<div id="div-element"></div>
window.onload = function() {
    var el = document.getElementById("div-element");
    el.innerHTML = `<div style="height: 20px; background: lightgreen" onclick="alert('Danger!!!')">`;
}

If we assign the same content in textContent for the div element, it will not render it as an HTML element. Javascript renders the content as text on the screen. So we can literally see the <div style="height: 20px; background: lightgreen" onclick="alert('Danger!!!')"> displayed as text in the webpage. This aspect makes code more secure and reliable. Hence, if we intend to change the text of an HTML element, the Javascript best practices (as supported by MDN) recommend using textContent instead of innerHTML attribute.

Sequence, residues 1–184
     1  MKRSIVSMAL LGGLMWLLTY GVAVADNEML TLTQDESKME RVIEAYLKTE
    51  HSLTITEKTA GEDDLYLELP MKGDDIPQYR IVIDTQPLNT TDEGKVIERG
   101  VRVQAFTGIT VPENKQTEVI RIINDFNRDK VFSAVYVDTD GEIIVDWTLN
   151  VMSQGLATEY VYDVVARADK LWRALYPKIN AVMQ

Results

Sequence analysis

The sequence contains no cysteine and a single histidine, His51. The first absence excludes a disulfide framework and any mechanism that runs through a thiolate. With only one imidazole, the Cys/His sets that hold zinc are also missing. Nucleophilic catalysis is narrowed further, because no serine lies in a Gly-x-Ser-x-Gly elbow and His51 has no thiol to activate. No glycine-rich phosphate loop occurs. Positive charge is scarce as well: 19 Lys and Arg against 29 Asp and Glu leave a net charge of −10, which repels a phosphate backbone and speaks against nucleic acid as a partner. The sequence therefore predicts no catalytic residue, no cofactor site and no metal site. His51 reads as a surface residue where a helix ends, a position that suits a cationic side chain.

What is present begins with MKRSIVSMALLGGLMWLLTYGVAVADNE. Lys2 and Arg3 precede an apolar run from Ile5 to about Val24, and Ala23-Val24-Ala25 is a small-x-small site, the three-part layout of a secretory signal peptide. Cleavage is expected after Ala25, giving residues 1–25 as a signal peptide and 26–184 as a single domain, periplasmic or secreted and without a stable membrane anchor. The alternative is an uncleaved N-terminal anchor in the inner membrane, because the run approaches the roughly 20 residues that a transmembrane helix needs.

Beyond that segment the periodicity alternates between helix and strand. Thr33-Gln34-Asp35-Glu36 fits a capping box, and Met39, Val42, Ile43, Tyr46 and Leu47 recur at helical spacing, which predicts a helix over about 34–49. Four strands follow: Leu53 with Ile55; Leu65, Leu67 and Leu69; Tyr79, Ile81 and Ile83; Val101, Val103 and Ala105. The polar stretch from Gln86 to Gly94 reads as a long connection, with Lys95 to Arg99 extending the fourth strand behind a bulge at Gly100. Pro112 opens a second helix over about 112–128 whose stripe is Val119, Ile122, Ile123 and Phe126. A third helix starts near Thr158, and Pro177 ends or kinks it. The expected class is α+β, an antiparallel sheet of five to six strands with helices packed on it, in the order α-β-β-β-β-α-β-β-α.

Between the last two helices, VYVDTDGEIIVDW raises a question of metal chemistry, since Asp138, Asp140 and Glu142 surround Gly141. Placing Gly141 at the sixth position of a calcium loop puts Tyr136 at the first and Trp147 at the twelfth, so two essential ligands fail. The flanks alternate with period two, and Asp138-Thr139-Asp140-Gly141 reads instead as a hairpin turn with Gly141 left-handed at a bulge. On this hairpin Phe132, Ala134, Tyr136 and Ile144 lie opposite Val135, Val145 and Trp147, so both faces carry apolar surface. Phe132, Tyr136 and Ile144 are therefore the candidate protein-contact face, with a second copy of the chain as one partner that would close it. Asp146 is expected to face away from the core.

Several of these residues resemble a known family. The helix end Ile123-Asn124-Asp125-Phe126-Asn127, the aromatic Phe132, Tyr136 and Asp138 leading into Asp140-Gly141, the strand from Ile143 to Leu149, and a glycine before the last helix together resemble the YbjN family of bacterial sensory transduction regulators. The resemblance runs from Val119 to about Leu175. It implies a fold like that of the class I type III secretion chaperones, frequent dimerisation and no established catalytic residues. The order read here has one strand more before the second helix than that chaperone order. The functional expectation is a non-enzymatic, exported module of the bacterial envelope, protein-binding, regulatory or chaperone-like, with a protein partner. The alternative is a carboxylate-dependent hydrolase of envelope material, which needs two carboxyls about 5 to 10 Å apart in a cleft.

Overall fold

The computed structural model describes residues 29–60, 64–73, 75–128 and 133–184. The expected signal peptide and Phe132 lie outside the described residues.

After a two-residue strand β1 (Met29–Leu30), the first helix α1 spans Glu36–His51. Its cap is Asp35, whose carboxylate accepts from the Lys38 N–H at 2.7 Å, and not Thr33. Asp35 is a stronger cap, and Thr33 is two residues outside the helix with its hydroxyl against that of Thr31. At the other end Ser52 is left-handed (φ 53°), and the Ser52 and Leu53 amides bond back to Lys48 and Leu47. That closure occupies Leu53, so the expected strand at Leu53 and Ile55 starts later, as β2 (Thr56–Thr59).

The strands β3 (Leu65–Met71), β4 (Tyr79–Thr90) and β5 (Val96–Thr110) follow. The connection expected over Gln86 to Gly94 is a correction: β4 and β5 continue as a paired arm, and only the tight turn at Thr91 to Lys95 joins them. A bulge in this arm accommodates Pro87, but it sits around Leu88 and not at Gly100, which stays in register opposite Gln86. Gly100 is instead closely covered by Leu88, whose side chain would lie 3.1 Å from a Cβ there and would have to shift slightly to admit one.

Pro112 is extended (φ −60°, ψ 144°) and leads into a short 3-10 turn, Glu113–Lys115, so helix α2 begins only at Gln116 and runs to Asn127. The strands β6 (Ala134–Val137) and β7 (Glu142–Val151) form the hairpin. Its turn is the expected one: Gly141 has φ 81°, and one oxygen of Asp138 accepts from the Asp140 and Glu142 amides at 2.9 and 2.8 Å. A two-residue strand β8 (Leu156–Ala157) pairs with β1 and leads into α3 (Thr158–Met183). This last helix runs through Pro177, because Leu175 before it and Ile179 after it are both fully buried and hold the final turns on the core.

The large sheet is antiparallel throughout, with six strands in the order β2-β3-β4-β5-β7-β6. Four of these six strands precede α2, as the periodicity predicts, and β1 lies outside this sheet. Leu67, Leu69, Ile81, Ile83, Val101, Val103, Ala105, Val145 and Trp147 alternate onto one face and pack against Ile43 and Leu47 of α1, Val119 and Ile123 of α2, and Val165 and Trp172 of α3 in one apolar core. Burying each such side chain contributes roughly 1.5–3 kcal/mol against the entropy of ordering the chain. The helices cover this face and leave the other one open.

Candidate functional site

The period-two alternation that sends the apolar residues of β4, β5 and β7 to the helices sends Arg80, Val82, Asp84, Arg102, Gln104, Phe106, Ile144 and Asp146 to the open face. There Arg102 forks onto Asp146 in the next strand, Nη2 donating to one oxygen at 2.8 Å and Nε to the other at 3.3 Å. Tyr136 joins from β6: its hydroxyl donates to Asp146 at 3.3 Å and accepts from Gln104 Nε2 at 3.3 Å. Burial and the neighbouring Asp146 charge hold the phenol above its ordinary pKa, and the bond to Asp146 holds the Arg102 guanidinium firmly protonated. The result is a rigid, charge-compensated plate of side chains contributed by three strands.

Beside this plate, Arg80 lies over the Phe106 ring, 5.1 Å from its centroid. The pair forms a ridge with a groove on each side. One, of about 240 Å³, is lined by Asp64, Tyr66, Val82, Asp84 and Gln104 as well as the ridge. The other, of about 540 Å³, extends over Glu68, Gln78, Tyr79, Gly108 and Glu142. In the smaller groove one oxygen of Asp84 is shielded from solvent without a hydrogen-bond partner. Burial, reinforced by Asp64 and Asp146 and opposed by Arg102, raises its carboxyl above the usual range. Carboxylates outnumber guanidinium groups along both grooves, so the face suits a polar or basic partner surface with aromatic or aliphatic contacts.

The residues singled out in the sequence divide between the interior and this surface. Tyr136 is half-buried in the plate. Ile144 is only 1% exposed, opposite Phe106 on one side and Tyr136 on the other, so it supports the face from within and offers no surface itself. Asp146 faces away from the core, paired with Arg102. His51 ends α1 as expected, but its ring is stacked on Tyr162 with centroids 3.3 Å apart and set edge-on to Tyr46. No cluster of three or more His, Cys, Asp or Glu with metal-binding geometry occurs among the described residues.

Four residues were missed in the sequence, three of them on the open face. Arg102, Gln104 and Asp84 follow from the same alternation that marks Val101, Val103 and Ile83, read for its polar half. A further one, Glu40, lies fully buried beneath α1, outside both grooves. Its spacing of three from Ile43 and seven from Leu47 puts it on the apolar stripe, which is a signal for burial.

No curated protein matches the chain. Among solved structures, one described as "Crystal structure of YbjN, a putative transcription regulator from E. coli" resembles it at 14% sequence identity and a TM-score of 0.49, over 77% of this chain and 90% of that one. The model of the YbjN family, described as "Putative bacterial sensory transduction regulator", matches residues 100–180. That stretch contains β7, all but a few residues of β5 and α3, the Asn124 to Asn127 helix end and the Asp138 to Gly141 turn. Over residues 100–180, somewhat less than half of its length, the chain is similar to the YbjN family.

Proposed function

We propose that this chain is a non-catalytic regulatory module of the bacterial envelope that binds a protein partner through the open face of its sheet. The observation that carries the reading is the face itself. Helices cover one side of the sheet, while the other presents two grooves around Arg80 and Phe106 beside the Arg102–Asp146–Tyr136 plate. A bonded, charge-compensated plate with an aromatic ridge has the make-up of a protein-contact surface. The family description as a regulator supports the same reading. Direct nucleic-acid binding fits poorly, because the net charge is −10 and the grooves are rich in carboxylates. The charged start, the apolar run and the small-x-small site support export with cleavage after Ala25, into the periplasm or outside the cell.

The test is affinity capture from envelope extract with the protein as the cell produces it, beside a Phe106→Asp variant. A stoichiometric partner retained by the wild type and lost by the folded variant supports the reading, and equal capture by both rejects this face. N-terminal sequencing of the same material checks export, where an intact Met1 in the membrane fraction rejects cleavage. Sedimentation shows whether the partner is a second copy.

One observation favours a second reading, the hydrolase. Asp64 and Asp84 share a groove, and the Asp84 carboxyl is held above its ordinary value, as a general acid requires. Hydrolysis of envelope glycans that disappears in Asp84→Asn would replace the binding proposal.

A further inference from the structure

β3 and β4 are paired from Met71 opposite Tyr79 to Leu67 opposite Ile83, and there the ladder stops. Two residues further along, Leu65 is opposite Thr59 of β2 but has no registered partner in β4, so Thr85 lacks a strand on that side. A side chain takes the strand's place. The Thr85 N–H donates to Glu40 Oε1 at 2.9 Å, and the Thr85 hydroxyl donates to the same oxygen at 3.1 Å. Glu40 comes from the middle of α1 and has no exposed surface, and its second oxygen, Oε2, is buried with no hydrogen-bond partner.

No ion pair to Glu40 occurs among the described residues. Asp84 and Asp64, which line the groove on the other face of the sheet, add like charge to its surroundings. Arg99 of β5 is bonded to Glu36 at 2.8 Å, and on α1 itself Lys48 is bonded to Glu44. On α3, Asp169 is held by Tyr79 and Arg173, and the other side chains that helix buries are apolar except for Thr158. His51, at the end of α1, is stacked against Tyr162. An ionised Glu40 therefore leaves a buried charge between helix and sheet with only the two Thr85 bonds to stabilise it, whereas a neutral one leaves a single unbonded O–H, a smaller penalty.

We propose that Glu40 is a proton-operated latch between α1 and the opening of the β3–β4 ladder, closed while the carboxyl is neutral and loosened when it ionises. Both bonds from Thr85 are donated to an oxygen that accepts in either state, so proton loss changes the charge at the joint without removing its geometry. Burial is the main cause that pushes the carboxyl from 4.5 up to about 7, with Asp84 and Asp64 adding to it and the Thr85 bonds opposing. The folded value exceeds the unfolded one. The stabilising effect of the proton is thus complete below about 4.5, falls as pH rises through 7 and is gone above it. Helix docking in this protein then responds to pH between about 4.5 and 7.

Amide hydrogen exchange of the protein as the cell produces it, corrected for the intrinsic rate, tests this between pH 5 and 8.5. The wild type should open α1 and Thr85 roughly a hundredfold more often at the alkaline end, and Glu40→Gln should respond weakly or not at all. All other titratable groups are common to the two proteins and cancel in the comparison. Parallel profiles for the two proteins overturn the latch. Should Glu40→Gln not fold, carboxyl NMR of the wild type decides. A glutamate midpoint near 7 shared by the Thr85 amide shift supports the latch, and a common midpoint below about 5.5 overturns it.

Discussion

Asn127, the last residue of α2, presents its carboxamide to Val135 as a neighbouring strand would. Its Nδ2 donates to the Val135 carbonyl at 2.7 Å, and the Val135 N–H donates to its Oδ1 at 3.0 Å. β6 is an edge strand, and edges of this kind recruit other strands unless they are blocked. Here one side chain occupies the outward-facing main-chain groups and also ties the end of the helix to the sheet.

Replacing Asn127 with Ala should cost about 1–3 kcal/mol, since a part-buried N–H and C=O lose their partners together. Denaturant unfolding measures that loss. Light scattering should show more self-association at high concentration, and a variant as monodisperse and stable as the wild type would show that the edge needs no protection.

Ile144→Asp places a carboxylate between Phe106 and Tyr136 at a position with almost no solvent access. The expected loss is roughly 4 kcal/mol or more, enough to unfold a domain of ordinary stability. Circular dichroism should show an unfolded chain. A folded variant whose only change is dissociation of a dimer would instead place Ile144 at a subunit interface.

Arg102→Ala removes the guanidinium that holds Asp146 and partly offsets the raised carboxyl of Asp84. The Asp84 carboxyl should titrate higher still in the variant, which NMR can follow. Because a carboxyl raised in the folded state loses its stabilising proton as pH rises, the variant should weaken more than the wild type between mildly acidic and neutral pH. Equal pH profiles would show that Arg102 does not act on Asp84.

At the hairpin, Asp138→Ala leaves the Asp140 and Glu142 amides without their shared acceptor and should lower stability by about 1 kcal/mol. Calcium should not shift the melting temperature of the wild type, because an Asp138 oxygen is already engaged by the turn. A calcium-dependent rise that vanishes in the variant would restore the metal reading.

<div id="div-element"></div>
window.onload = function() {
    var el = document.getElementById("div-element");
    el.textContent = `<div style="height: 20px; background: lightgreen" onclick="alert('Danger!!!')">`;
}

Change the div Text Using the :after Pseudo Element

If the text change is trivial, we can use CSS to alter the div text. We use the :after pseudo HTML element, wherein we add the text that we wish to display in the content attribute. It does not apply to HTML elements like <img> where the browser replace the content with the loaded image. The following code details the usage.

<div class="pvw-title"><span>Facts</span></div>
.pvw-title span {
  display: none;
}
.pvw-title:after {
  content: 'whatever it is you want to add';
}